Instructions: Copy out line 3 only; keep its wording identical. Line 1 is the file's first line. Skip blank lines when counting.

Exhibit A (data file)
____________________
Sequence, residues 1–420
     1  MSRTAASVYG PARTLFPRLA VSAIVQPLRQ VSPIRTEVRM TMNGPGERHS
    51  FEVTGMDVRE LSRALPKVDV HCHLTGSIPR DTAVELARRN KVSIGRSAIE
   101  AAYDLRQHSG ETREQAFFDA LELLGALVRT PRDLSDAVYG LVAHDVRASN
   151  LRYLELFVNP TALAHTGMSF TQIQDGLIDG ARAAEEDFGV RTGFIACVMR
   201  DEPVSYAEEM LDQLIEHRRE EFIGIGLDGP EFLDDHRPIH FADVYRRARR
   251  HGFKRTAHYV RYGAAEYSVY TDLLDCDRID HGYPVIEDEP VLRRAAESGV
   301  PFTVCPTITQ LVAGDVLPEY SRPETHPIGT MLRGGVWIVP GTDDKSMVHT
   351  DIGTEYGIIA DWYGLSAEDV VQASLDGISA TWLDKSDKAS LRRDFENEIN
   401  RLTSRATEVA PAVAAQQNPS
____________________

    51  FEVTGMDVRE LSRALPKVDV HCHLTGSIPR DTAVELARRN KVSIGRSAIE